I am sending this paragraph to include a voice from South Africa. I was a student of Educational Media & Technology at the Boston University School of Education from September 1997 to December 2002. When I entered into this program, I did not have any experience in Educational Media and Technology.
To me, the program was an eye-opener. It enabled me to see how the use of technology in teaching could open up my mind to understand concepts that were hitherto unknown to me. I began to see how it could be used in a manner that could enable learners to understand concepts that were otherwise inaccessible to them.
In South Africa, technology can be used to reach large numbers of students attending a class. Now I am developing lectures using Blackboard to teach students about the development of technology in medicine. For me, this program opened a new world because of the visual effects of technology. My exposure to the Educational Media and Technology program was the highlight of my academic career, and it brought out the creativity in me, and the opportunity to share it with others.

Dr. Bongi Nzama
Department of Nursing Sciences
University of Fort Hare
East London
South Africa.
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June 4, 2012

I have been a part of The Educational Media &Technology (EM&T) division of the School of Education at Boston University for the last five years as a doctoral candidate. I have partaken in some amazing courses and met some amazing people. The professors and students have helped me wade through the waters of many technologies and determine ways to utilize them for the classroom. Some of the richness of the program comes from its grounding in history. EM&T places a heavy emphasis on learning from the past and learning from research. I have found consistent messages throughout the program such as the importance of the classroom teacher in guiding learning, the importance of learning from the history of the field, and the importance of using technology as means to enable new learning.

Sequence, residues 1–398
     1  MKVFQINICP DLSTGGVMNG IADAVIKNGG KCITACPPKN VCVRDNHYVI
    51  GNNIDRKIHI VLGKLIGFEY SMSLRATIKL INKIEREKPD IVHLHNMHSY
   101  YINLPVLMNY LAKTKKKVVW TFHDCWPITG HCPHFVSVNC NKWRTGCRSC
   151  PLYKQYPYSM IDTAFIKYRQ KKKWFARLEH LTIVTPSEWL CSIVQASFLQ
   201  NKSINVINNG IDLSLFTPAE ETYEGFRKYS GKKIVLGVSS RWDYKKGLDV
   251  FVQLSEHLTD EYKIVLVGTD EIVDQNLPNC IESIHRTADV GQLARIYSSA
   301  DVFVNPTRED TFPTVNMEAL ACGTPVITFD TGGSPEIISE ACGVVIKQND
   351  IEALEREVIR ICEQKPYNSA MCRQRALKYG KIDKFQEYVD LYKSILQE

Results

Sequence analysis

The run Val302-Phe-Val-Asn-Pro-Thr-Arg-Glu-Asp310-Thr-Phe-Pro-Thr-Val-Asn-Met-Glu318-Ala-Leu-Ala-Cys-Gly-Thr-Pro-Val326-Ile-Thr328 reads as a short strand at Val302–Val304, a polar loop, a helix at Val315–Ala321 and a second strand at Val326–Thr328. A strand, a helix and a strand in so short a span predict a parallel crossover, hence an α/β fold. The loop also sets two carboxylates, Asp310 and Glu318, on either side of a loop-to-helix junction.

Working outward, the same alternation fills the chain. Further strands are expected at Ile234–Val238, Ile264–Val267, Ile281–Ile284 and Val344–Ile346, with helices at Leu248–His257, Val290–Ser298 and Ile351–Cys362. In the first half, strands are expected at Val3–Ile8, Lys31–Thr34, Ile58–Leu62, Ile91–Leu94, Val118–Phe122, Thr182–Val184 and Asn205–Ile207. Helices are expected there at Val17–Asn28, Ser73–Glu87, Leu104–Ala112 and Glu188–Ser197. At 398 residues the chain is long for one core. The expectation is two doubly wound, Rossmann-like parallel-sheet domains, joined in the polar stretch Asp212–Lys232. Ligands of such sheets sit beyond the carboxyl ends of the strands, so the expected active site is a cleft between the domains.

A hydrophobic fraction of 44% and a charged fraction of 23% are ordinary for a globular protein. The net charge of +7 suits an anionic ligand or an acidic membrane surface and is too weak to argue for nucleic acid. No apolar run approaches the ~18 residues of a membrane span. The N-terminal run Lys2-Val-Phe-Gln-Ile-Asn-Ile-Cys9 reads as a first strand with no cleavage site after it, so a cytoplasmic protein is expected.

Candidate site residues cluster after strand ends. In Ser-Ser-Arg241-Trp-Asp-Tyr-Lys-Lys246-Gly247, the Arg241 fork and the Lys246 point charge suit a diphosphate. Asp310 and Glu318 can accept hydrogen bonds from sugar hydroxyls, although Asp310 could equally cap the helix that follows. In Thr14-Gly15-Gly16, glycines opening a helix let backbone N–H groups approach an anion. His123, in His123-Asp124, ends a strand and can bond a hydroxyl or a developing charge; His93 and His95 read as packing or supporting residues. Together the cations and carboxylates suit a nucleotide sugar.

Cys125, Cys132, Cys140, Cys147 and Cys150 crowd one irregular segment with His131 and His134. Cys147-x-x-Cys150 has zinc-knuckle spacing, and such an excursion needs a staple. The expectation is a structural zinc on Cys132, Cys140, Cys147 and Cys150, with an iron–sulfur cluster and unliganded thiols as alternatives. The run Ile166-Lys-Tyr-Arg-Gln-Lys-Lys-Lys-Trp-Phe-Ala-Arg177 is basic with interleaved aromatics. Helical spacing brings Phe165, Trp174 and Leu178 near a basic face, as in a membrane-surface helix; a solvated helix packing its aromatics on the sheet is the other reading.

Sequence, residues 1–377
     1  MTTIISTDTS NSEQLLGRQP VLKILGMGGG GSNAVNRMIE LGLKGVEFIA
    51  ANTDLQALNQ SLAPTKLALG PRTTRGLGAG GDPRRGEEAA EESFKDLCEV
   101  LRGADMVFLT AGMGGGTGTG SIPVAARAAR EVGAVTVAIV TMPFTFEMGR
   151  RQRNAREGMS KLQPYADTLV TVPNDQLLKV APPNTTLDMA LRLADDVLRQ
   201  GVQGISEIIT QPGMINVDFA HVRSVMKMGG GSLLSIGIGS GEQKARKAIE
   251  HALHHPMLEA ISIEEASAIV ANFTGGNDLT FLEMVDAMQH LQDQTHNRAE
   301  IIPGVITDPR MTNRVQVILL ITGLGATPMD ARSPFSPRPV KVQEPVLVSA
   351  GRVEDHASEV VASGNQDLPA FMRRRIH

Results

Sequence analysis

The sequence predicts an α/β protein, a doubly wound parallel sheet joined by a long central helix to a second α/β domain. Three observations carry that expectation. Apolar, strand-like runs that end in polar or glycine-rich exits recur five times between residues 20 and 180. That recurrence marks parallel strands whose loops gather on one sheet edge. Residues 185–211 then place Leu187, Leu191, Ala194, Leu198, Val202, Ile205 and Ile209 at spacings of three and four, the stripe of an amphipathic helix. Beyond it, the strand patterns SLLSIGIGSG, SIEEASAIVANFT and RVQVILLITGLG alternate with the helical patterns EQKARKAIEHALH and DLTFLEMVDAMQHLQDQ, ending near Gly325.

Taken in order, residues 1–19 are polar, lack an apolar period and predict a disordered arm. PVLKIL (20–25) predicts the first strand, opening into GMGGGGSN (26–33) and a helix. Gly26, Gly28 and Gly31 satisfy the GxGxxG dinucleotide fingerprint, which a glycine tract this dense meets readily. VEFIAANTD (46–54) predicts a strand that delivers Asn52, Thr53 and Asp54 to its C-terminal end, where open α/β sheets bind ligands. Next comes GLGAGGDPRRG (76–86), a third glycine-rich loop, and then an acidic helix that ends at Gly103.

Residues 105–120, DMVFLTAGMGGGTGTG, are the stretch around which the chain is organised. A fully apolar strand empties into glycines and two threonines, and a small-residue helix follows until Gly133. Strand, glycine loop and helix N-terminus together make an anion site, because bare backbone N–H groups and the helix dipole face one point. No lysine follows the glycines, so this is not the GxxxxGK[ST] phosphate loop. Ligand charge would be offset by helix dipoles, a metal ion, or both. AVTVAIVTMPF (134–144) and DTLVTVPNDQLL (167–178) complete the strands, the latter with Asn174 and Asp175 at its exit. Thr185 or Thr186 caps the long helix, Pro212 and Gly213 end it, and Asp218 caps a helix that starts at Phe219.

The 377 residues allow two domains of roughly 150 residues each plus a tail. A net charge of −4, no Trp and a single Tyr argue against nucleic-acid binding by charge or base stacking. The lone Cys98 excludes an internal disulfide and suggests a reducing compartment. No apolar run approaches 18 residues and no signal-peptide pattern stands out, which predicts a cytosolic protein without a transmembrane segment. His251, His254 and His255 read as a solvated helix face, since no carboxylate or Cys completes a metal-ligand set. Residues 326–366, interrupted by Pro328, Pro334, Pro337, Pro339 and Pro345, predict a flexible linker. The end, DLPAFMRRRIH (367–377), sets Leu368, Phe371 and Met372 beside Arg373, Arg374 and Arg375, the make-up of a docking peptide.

A major strength of the program is its diverse course offerings. I have taken courses on subjects as far ranging as Introduction to Educational Media, Database Design, World Wide Web for Educators, Cyber Ethics, E-learning, Intellectual History of Education, and Program Evaluation to name a few. Another strength of the program is the faculty. The faculty is helpful, knowledgeable, and experienced. After taking an elective class with an adjunct professor, she asked me to co-write a chapter for a book on using technology in the k-12 classroom. The EM&T program gave me the preparation I needed to do this work.

Sincerely,

David Kaufman
Technology Teacher
Revere High School
Revere, MA 02151